In April 2019, the ex-mill price of sugar reached to Rs60.49 per kg as compared to Rs 51.64 per kg in December 2018 —an increase of Rs8.85 per kg. The average monthly consumption is 433 million kilogram which means the sugar mills owners pocketed extra Rs3.83 billion. As per the data, the retail price of sugar in April 2019 reached to Rs65.03 per kg as compared to Rs59.99 per kg in December 2018 — an increase of Rs9.04 per kg. The average monthly national consumption is 433 million kg which means the consumer had to pay Rs3.91 billion extra due to price hike after December 2018.

The ex-mill price of sugar in May 2019 reached to Rs62.48 per kg as compared to Rs51.64 per kg in December — an increase of Rs10.84 per kg. Pakistan’s average monthly sugar consumption is 433 million kg which means the mill owners bagged additional Rs4.69 billion as compared to December 2018. In May 2019, the sugar was available in the retail market at the rate of Rs67.31 per kg as compared to Rs55.99 in December 2018 — an increase of Rs11.32 per kg. The monthly average sugar consumption is 433 million kilogram which means the consumer had to pay Rs4.9 billion extra due to price hike which started from December 2018 onwards.

In June 2019 the ex-mill sugar prices reached Rs63.59 per kg as compared to Rs51.64 per kg in December 2018 —an increase of Rs11.95. The monthly sugar consumption is 433 million kg which means the sugar mills owner earned Rs5.17 billion extra as compared to December 2018. The retail price of sugar in June 2019 reached to Rs71.44 per kg as compared to Rs55.99 per kg in December 2018 — an increase of Rs15.45. Pakistan’s average monthly sugar consumption is 433 million kilogram which means the consumer had to pay Rs6.69 billion extra as compared to December 2018 when the prices started increasing.

The ex-mill price in July 2019 reached to Rs65.73 per kg as compared to Rs 51.64 per kg in December 2018 —an increase of Rs14.09 per kg. The average monthly sugar consumption in Pakistan is 433 million kilogram which means the sugar mills owners pocketed Rs6.1 billion in July as compared to December 2018. Similarly the retail price of sugar in the market reached to Rs71.93 per kg as compared to Rs55.99 per kg in December 2018 — an increase of Rs 15.94 per kg. Pakistan’s monthly sugar consumption is 433 million kilogram hence the consumer had to pay extra Rs 6.9 billion as compared to what they paid in December 2018.

The ex-mill price of sugar in August 2019 reached to Rs68.62 per kg as compared to Rs51.64 per kg in December 2018 —an increase of Rs16.98. Pakistan’s average monthly sugar consumption is 433 million kilogram which means the sugar mills owners pocketed Rs 7.35 billion extra as compared to December 2018. The sugar prices in retail market reached to Rs75.14 per kg in August as compared to Rs55.99 per kg in December 2018 — an increase of Rs 19.15. The average monthly sugar consumption in Pakistan is 433 million kilogram hence the consumer had to pay Rs8.29 billion as compared to what they were paying in December for sugar.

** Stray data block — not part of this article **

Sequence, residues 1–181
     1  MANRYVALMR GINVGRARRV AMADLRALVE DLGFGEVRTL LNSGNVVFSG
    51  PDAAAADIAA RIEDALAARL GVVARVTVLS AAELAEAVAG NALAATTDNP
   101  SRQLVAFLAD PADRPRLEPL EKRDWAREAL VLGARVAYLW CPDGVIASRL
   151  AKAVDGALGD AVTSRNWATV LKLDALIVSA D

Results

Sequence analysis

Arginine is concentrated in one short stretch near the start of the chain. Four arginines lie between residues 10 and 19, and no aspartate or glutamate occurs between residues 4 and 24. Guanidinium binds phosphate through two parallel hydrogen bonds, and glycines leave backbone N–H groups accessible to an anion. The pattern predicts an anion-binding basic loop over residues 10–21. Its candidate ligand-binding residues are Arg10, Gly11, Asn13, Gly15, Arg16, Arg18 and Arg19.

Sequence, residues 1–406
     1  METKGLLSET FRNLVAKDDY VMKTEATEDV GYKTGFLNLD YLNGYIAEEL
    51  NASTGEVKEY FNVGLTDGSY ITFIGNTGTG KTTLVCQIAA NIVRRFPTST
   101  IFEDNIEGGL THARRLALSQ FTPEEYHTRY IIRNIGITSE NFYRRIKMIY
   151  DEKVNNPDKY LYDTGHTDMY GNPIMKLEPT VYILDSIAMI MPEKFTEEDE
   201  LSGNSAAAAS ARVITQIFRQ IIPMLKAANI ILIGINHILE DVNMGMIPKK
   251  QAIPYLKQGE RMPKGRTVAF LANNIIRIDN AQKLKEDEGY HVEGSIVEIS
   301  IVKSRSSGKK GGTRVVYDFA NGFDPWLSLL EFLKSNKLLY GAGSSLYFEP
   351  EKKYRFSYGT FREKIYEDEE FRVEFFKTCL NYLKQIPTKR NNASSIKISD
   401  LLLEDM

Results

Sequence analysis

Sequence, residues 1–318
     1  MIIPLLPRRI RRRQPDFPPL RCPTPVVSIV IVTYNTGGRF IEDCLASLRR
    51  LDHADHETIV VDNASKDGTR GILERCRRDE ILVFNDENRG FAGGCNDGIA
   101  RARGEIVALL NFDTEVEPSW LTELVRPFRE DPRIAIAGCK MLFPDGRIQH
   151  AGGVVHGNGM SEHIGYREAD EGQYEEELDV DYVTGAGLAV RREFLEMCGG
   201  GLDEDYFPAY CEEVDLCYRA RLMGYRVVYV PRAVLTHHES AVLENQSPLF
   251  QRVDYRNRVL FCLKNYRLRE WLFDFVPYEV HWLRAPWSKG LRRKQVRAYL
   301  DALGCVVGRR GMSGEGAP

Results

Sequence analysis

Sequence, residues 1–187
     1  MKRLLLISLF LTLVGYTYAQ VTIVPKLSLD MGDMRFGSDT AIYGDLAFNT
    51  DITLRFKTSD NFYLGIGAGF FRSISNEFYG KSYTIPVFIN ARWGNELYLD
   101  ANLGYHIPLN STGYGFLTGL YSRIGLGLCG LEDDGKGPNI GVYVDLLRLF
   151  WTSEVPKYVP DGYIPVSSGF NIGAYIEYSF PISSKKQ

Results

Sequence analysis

The ex-mill price of sugar in September as per the inquiry committee report was Rs68.56 as compared to Rs51.64 in December 2018. This shows an increase of Rs 16.92 per kg. The average monthly sugar consumption is 433 million kilogram hence the mills owners earned additional Rs 7.33 billion as compared to December 2018. The retail price of sugar in the market reached to Rs 75.39 per kg in September 2019 as compared to Rs55.99 per kg in December —an increase of Rs 19.40. Pakistan consumes 433 million kilogram sugar on average in a month which means the consumer had to pay Rs8.4billion extra as compared to what they paid in December 2018.

In October 2019, the ex-mill price of sugar reached to Rs 68.30 per kg as compared to Rs 51.64 per kg in December 2018 — an increase of Rs 16.66 per kg. Pakistan’s average monthly sugar consumption is 433 million kilogram which means the mills owners pocketed additional Rs7.21 billion as compared to December 2018. Similarly, the retail price of sugar in the market was available at the rate of Rs 74.46 per kg as compared to Rs55.99 per kg in December 2018 —an increase of Rs18.47. The average monthly sugar consumption of Pakistan is 433 million kilogram hence; the consumer had to pay Rs 8 billion extra as compared to December 2018.

The ex-mill price of sugar in November 2019 reached to Rs67.42 as compared to Rs51.64 per kg in December 2018 — an increase of Rs 15.78 per kg. The monthly sugar consumption in Pakistan is almost 433 million kilogram which means the owners earned Rs 6.83 billion as compared to December 2018. The sugar price in the retail market reached to Rs 73.26 per kg in November 2019 as compared to Rs 55.99 per kg in December 2018 — an increase of Rs17.27 per kg. Pakistan’s monthly sugar consumption is almost 433 million kilogram which means the consumer had to pay additional Rs 7.48 billion.

In December 2019, the ex-mill price of sugar reached to Rs 67.48 per kg as compared to Rs Rs51.64 per kg in December 2018 —an increase of Rs 15.84 per kg. The average monthly sugar consumption in Pakistan is 433 million kilogram which means the sugar mills owners pocketed additional Rs 6.86 billion. Similarly, the retail price of sugar in the market reached to Rs 71.71 per kg as compared to Rs55.99 per kg in December 2018 — an increase of Rs 15.72 per kg. The monthly sugar consumption of Pakistan is almost 433 million kilogram which means the consumer had to pay Rs 6.81 billion extra as compared to December 2018.

In January 2020, the ex-mill price of sugar reached to Rs 69.14 per kg as compared to Rs 51.64 per kg in December 2018 —an increase of Rs 17.5 per kg. The average monthly sugar consumption is 433 million kilogram which means the mills owners earned Rs 7.58 billion extra as compared to December 2018. The retail price of sugar in the market reached to Rs74.64 per kg in January 2020 as compared to Rs 55.99 per kg in December 2020 — an increase of Rs 18.65 per kg. Pakistan’s average monthly consumption of sugar is 433 million which means the consumer had to pay Rs 8.08 billion extra.

The ex-mill price of sugar in February 2020 reached to Rs 71.56 per kg as compared to Rs 51.64 per kg in December 2018 — an increase of Rs 19.92 per kg. The monthly average sugar consumption is Rs 433 million which means the mills owners earned Rs 8.63 billion extra as compared to December 2018. Similarly, the market price of sugar reached to Rs 79.86 per kg in February 2020 as compared to Rs55.99 per kg in December 2018 — an increase of Rs23.87 per kg. Pakistan’s average monthly consumption is 433 million kilogram which means the consumers had to pay Rs 10.34 billion extra as compared to what they paid in December 2018.

It is pertinent to mention here that the government announced Rs 190 per 40 kg as the support price of sugarcane for the season 2019-20. However, due to the competition, the average price for the crushing season 2019-20 in Punjab was Rs 217 per 40 kg and Rs 226 per 40 kg in Sindh.